What we’re seeing in this emerging tech space is that every single project and every single company at all the conferences and summits are all incorporating a wellness component. It’s still fractioned. It’s still not based on these strong pillars that we would pitch a regular company because we’re still setting up the governance of how this new emerging tech lives. I’m seeing these wellness companies and wellness being a component of every project.

If I look at 5 years or 2 years from now, I don’t see it so fragmented. I see it governed, organized, and structured. Wellness is going to be in every single business. It’s not going to be like, “This is a meditation. Take a breath.” You’re going to have people that are trained in how to facilitate. They’re going to walk you through stress, mental health, and how to get help, especially with this next generation, which is the woke generation. They all are relying on it. They’ve been brought up with these apps that teach you to calm down.

YGA 50 | Wellness

Wellness: Wellness will be in every single business. There will be trained people who know how to actually walk you through mental stress and teach you how to calm down.


There’s a ton of mental health awareness every time there’s a high-profile suicide. We’re starting to turn the spotlight on what’s been swept under the rug prior to now. I see that we’re moving in that direction. My last guest is founding a wellness DAO and is already quite well along the path to having funding for that and bringing names to it. It’s very interesting because you guys are talking in a very overlapping way. I got to be privy to both conversations.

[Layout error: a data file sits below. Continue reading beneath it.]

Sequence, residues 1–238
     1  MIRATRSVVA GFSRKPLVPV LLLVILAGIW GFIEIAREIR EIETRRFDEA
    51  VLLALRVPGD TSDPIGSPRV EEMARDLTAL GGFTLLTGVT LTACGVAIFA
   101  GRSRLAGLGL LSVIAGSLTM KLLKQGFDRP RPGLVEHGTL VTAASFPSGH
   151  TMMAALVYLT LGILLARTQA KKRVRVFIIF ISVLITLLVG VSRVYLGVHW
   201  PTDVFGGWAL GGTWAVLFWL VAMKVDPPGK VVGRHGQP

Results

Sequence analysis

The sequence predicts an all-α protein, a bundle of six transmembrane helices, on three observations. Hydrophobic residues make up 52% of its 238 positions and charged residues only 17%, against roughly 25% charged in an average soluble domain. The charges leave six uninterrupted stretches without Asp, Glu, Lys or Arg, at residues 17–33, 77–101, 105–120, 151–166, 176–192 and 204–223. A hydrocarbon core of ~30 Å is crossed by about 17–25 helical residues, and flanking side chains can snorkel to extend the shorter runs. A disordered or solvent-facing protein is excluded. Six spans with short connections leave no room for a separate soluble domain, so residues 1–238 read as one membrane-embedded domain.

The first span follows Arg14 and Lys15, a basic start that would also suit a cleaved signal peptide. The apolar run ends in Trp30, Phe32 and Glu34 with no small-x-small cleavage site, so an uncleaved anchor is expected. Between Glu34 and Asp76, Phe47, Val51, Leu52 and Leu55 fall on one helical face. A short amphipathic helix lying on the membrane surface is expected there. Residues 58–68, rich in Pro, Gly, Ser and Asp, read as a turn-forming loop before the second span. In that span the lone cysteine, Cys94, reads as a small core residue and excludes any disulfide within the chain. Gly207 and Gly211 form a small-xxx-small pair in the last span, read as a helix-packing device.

Hopefully, by the time our readers read this episode, they’ll have seen the one prior to that, but I love how this is dovetailing so beautifully with that. What you’re saying from that future perspective is vital because it will mean integration. The thing that has made me so frustrated with the insurance industry for years is the idea that we will not cover wellness. We will cover illness.

There are some insurance companies who would always cover baby visits, for example, but otherwise, it’s like one checkup a year, the end. If I say, “I need to go to the chiropractor every three weeks in order to maintain my back so that my back never hurts,” they’re not interested in covering that much, but they’ll cover me for $10,000 or $100,000 surgery when I throw my back out because I didn’t take care of it in the first place. That’s one of the bazillion examples.

The idea that we would move from cure to prevention would fix so much in healthcare, the insurance business, and the workplace because of how many sick days people take. Giving two mental health days a year or whatever would go a long way to making people feel like somebody freaking cared about them in the workspace. I love everything you’re saying.